Matute is a small cafeteria, or coffee shop, that can be found in the celebrated coffee-growing region of Tarrazu. The baristas here are known for their infectious excitement about coffee and produce unique combinations of flavors enhanced by the noticeable quality of the local beans cultivated on the local micro-mills. The baristas also use their talents to produce delightful coffee and rum cocktails.
Drive past Lake Arenal from Tilaran and you’ll eventually run into La Fortuna, the biggest and most tourist-friendly town in the Arenal area. This is a natural overnight spot for tourists continuing on to the volcano or the mountainous national parks between there and San Jose, and the hotel supply reflects that: you’ll find everything from $400-a-night luxury resorts built around hot springs to $30-per-night ecolodges half-hidden in the jungle here.
Are you looking for the ultimate in Costa Rica vacations? Our team of local experts will design your custom, vacation package. We do NOT sell cookie-cutter trips. Instead, we take the time to get to know your unique “travel personality”. Then we match you with a hand-picked selection of hotels, tours & transportation. The result is a tailor-made Costa Rica journey that will fit you like a glove.
The best way to get the most out of your Costa Rica, Panama, or Nicaragua adventure is with a guided tour! An experienced naturalist is a must for any bird or wildlife watching trip – natural camouflage in addition to the dense rainforest undergrowth makes animal spotting tough. With the help of a bilingual guide, travelers might be lucky enough to spot some of Costa Rica’s shyer wildlife – like the near-mythical Resplendent Quetzal, the surprisingly sneaky tapir, or the ever-elusive jaguar.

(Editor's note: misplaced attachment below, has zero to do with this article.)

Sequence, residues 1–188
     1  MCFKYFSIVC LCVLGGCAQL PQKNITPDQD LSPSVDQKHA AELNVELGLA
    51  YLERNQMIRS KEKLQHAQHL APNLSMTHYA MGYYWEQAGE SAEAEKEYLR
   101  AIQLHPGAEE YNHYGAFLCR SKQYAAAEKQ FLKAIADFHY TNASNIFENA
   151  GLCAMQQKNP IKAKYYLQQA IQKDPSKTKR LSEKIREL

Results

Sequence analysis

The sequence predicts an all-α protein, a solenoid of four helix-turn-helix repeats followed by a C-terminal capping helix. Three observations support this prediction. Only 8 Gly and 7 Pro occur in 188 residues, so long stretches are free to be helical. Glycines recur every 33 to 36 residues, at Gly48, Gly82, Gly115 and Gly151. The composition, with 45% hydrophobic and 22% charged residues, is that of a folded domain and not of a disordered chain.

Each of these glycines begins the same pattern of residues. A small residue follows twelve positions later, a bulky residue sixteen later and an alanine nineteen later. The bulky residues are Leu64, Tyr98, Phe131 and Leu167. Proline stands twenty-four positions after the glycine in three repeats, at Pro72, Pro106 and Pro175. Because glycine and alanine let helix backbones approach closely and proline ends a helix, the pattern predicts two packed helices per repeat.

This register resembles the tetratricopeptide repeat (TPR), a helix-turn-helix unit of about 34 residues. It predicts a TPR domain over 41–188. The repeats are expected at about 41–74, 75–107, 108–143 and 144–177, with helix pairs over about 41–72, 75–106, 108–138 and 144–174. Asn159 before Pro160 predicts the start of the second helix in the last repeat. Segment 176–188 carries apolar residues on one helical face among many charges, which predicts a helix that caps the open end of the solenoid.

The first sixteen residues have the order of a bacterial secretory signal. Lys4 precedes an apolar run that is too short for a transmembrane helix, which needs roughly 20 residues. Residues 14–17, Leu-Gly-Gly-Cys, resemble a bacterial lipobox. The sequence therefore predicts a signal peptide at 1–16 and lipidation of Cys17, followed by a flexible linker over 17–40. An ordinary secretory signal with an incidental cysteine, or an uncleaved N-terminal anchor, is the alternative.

It’s the classic travel tale – overworked professional realizes that the 9-5 to grind isn’t all it’s cracked up to be, and sets out to seek greener pastures. This witty tale comes from Nadine Pisani, who shares her story of quitting her job to forge a new life in sunny Costa Rica. This is a nice, light read for when you’re just flaking out on the beach or by the pool. But along the way you’ll learn why Costa Rica is one of the happiest places on earth.
Hi Stacey! Yes definitely that’s one of the greatest (and most confusing) thing about Cost Rica is that there are soo many places to go but it’s so hard to get around, even with a car because of times and schedules for places opening, traffic and long drives. Right now is rainy season so it does get pretty cold in the mountains and central Valley. Always best to bring a rain jacket!